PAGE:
Cruise up City Creek canyon for a quick retreat from town.
by Shane Farver
Salt Lake City is heralded for its easy access to outdoor opportunities and City Creek Canyon is a big reason for such accolades. Located just east of State Street off of North Temple, City Creek offers a tree-shaded ride near the heart of downtown.
In summer, bicycles ride on only odd-numbered days. The tradeoff is no cars to deal with. From October through Memorial Day weekend, however, the trail is open daily to bikes.
Enter the canyon by taking a left off Canyon Road, just off North Temple east of State Street. Pedal past a gate and into Memory Grove Park. Here, you’ll begin to hear City Creek whisper its history.
The creek has both a life-giving and destructive past. In 1847, it served as a water source for Mormon pioneers. In 1983, it wrought destruction in downtown Salt Lake City when it flooded the streets. Currently, City Creek provides water to much of the northern part of the city.
As you wind your way up the canyon, tree canopies cool the path; bring a light jacket. In the sun-baked sections, you might notice a tarantula skittering across your path or sunflowers speckling the hillsides.
How crowded City Creek gets depends upon the time of your ride. Its proximity to downtown guarantees a glut of cyclists, runners and other recreationists during the evenings and weekends. However, if you’re lucky enough to catch a midday ride during the week, you can have the road almost to yourself.
City Creek Canyon also offers a sight seldom seen on other rides: plentiful restrooms. They’re pit toilets, granted, but they’re better than behind a tree.
Conditions vary from smooth to bumpy and pothole-pecked. The first few miles of the ride are undulating hills and flat sections, well paved. Take note of a section of the path that curves into a gate and onto a road. Instead of following the gate, keep straight and take a narrow path toward the upper section of the canyon.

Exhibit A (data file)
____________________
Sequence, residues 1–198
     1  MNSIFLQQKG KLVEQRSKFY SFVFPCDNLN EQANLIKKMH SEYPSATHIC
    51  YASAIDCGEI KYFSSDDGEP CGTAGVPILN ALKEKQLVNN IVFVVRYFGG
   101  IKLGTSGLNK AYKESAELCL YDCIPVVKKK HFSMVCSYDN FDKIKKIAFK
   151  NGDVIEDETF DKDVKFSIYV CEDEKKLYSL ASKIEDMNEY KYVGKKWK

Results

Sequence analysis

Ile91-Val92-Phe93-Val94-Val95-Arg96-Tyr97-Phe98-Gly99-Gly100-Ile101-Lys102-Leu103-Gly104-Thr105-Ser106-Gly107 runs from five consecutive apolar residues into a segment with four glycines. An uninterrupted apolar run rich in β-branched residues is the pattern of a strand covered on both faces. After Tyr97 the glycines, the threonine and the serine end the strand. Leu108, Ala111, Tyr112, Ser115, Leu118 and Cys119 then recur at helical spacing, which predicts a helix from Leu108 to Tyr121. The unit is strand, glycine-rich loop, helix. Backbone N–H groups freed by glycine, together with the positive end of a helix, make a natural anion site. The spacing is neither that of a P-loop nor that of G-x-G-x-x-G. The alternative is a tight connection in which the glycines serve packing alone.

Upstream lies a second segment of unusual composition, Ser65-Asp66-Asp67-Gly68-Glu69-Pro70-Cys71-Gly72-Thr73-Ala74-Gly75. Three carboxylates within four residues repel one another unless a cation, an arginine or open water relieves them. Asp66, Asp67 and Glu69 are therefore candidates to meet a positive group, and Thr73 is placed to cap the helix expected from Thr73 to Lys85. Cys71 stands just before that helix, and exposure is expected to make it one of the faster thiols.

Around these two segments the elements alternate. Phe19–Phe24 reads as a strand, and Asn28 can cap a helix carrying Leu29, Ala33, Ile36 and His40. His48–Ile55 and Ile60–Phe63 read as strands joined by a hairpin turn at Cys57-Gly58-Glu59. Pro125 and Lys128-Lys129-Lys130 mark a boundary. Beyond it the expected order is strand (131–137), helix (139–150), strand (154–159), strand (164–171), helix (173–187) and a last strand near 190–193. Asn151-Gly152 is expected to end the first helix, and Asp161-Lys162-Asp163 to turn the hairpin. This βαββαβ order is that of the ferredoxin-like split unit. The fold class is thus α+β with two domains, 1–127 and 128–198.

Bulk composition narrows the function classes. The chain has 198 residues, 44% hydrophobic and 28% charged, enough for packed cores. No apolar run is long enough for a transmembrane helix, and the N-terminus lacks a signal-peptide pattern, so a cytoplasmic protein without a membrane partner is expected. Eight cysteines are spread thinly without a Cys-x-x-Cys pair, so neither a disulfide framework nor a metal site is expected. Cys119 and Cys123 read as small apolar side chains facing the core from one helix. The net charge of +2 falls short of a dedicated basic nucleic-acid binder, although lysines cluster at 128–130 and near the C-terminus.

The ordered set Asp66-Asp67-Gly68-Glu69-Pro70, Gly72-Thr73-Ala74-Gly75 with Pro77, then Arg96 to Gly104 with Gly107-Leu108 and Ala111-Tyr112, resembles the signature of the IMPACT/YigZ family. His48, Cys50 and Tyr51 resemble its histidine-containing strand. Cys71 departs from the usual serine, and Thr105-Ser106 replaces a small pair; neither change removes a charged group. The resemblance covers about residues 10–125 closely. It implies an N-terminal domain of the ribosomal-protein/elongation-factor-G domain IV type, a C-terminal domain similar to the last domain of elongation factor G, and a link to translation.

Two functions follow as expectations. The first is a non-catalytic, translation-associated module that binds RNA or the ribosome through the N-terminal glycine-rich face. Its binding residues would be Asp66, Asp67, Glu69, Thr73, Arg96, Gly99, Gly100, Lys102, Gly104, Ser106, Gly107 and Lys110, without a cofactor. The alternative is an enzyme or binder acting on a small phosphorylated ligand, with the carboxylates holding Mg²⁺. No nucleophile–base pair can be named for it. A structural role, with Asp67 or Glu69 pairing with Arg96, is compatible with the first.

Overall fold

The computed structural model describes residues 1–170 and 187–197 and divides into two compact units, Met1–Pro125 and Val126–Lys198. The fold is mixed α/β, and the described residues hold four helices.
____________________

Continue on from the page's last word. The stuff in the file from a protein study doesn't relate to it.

Once you reach a water treatment plant on the righthand side, the road narrows and steepens. Expect to get out of the saddle and grind up some of the steeper sections. Debris can also litter this section more than the bottom part. The top of the canyon, Rotary Park, is a loop that points you back downhill. Many people find the park a nice place to lock up their bike to hike further up the canyon.
When cruising downhill, be aware of sticks, rocks, potholes, pedestrians, dogs and other cyclists, lest your lunch-break ride turn into a snapped collarbone or something worse. In 2008, a retired University of Utah professor suffered a spinal cord injury after colliding with another cyclist in the canyon.
In some of the smoother sections of the descent, lean into snaking turns and sharpen your skills as you make your way back to the beginning. You’re going to have to hit the brakes sometime, though. The 15 m.p.h. speed limit applies to bikes, and its enforcement is on the rise.
You can find Shane riding his bikes and getting dirty in the Utah desert.